An Official publication of The Asian Congress of Neurological Surgeons (AsianCNS)

Search Article
Home About us Editorial board Search Ahead of print Current issue Archives Submit article Instructions Advertise Subscribe Contacts Login  Facebook Tweeter
  Users Online: 1388 Home Print this page Email this page Small font sizeDefault font sizeIncrease font size  

   Table of Contents      
ORIGINAL ARTICLE
Year : 2019  |  Volume : 14  |  Issue : 2  |  Page : 410-414

Compound elevated skull fracture presented as a new variety of fracture with inimitable entity: Single institution experience of 10 cases


Department of Neurosurgery, RNT Medical College, Udaipur, Rajasthan, India

Date of Web Publication26-Apr-2019

Correspondence Address:
Vivek Kumar Kankane
Department of Neurosurgery, RNT Medical College, Udaipur, Rajasthan
India
Login to access the Email id

Source of Support: None, Conflict of Interest: None


DOI: 10.4103/ajns.AJNS_153_18

Rights and Permissions
  Abstract 


Background: Compound elevated Skull fracture (CESF) is a rare variety of fracture with rare presentation in comparison to other type of skull fracture. The mechanical force being applied is tangential causing high impact over skull as comparison to structure underlying the cranium. Objective: Aims of this study are bring attentiveness and management to deal this rare type of fracture and its outcomes. Materials and Methods: In this study, we demonstrated 10 cases of CESF in adult patients from January 2014 to January 2018 in the Department of Neurosurgery at RNT Medical College and M. B. Hospital, Udaipur, Rajasthan, India. Recorded documents were prospectively studied for age of distribution, sex, mode of injury, mechanism of injury, clinical profile, radiological investigations, neurosurgical management, and outcome asses by Glasgow outcome scale. Results: Totally 10 patients had CESF. Six are males and four are females. Male to female ratio was 3:2. Their age range was 20–45 years. The most common mode of injury was Road traffic accident in 60%. Wound exploration, cleaning, debridement, and reduction of fracture segment was done in eight cases, frontal bone craniotomy with evacuation of pneumocephalus done one case, frontal bone craniotomy, and extradural hematoma evacuation was done in one case. The postoperative course was uneventful, and outcome was good (GOS 5) in 8 (80%) cases. Conclusion: In compound elevated fracture, early recognition and immediate surgical intervention should be done to avoid related morbidity and mortality. Any delay in surgery may lead to a high possibility of wound infection and poor outcome.

Keywords: Compound, elevated, fracture skull, Glasgow Outcome Score


How to cite this article:
Kumar A, Kankane VK, Jaiswal G, Kumar P, Gupta TK. Compound elevated skull fracture presented as a new variety of fracture with inimitable entity: Single institution experience of 10 cases. Asian J Neurosurg 2019;14:410-4

How to cite this URL:
Kumar A, Kankane VK, Jaiswal G, Kumar P, Gupta TK. Compound elevated skull fracture presented as a new variety of fracture with inimitable entity: Single institution experience of 10 cases. Asian J Neurosurg [serial online] 2019 [cited 2019 May 25];14:410-4. Available from: http://www.asianjns.org/text.asp?2019/14/2/410/252941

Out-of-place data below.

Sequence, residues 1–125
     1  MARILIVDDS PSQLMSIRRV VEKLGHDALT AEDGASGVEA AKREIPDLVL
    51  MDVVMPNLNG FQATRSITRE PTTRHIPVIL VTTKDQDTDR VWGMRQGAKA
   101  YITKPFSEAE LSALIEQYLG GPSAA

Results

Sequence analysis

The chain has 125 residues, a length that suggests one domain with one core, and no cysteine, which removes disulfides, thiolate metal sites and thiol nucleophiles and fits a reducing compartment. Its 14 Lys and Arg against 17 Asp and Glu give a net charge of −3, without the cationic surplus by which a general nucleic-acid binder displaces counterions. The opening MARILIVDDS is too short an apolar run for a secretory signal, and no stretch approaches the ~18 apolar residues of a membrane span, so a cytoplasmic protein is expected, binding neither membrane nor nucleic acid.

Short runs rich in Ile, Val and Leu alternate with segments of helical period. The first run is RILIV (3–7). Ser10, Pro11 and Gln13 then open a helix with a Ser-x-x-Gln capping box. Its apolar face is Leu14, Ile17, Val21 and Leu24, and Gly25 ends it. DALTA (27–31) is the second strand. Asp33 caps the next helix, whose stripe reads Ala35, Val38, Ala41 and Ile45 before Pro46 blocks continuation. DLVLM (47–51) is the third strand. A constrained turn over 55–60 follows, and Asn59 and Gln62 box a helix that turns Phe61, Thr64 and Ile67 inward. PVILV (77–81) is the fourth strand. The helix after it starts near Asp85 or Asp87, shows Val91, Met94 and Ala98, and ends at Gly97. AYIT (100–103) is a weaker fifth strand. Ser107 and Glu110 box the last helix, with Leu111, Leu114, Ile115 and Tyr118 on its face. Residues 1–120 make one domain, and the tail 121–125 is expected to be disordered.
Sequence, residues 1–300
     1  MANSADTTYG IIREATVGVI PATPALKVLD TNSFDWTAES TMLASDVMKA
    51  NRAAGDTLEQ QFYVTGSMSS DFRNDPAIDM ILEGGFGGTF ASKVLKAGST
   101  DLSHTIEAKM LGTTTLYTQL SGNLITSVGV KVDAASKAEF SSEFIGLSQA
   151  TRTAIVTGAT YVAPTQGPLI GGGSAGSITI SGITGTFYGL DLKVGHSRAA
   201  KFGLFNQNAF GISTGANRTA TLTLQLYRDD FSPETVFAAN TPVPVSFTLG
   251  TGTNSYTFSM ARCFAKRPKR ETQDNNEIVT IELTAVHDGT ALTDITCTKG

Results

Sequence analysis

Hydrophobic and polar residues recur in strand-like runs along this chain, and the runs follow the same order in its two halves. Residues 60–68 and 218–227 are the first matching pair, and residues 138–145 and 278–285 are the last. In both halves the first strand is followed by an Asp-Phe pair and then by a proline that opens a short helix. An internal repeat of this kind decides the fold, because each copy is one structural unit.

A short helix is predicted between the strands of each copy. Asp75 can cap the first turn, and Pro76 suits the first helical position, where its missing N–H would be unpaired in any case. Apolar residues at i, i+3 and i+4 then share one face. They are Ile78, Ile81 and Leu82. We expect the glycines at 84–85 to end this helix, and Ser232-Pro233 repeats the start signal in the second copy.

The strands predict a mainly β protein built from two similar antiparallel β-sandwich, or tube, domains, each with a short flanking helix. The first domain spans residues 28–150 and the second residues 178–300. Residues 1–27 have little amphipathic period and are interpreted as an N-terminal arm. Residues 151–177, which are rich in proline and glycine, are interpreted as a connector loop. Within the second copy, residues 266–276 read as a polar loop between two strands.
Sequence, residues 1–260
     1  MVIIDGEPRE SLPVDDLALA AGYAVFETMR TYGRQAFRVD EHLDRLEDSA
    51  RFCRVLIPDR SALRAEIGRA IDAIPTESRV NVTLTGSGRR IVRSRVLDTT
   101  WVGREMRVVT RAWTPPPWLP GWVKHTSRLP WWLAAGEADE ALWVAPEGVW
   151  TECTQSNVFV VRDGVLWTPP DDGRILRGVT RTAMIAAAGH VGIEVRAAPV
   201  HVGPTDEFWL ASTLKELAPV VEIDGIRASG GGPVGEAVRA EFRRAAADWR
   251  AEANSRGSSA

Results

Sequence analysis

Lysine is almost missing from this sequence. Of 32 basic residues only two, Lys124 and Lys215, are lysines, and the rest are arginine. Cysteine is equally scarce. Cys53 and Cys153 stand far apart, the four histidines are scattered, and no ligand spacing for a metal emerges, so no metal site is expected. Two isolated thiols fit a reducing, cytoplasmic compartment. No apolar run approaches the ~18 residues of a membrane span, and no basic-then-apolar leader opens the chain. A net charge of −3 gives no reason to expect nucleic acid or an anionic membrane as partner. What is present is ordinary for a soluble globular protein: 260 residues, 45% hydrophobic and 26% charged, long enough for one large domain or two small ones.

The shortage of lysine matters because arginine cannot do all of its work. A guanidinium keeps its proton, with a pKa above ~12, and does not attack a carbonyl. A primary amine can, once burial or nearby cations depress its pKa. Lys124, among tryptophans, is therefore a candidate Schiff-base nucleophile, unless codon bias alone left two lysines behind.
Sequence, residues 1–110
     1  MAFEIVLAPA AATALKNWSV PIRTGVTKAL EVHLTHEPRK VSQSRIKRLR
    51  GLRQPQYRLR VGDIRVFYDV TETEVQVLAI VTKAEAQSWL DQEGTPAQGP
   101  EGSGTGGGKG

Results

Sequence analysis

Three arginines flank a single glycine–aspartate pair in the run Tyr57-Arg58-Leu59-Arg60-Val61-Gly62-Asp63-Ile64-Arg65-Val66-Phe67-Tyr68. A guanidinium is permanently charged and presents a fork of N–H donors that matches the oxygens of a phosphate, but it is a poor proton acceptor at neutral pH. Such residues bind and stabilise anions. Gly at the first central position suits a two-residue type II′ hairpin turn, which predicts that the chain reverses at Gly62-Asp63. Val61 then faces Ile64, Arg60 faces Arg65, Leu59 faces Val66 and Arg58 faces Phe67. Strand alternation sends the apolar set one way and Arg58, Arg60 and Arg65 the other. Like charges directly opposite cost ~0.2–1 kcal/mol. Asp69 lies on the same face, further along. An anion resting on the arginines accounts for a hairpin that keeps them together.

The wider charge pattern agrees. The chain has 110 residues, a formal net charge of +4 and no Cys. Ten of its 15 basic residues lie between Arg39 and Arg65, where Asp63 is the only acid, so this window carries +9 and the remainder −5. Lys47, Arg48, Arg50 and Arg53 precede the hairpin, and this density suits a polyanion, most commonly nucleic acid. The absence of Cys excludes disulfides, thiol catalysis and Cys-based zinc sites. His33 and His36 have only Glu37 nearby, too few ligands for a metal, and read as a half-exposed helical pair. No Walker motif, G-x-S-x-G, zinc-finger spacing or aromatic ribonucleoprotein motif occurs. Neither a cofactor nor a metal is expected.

Introduction Top


Elevated skull fracture is an atypical type of fracture with very few cases has been reported in different literature. The classification of skull bone fracture is based on type (open fracture and closed fracture), site (depressed fracture and basal fracture), and pattern (linear, diastatic, and comminuted).[1] The different variety of fracture depends on the shape of impacting object, mechanism of force, and site of impact over skull. In 1650–1550 BC, elevated fracture of skull was first described in the renowned surgical treatise “The Edwin Smith surgical papyrus.”[2] It was described as fracture in which fractured fragment is elevated above the level of the intact skull.[3] Owing to the rarity of occurrence or neglect, this fracture remained unreported in surgical texts till as late as 1976 when Ralston mentioned its occurrence and reviewed the pathology.[4] It can be caused during an assault with a weapon where the initial blow penetrates the skull and the underlying meninges, and on withdrawal, the weapon lifts the fractured portion of the skull outward. It can also be caused the skull rotating while being struck in a case of blunt force trauma, the skull rotating while striking an inanimate object as in a fall, or it may occur during transfer of a patient after an initial compound head injury.


  Materials and Methods Top


This is a prospective study conducted over period of 4 years from January 2014 to January 2018 at tertiary care center in the Department of neurosurgery at RNT Medical College and M. B. Hospital, Udaipur, Rajasthan, India. During this period, the total patient admitted of head injury is 10951, so the incidence of compound elevated skull fracture (CESF) in our series is 0.091% which is very less compared to previous literature. Recorded documents were prospectively studied for age of distribution, sex, mode of injury, site of injury, mechanism of injury, clinical profile, radiological investigations, neurosurgical management, and outcome asses by Glasgow Outcome Scale at the time of discharge and at the age of 6 months. Postoperatively, the patients were followed up clinically and radiologically at a regular interval. Postoperative computed tomography (CT) scan was performed in the immediate postoperative period.


  Results Top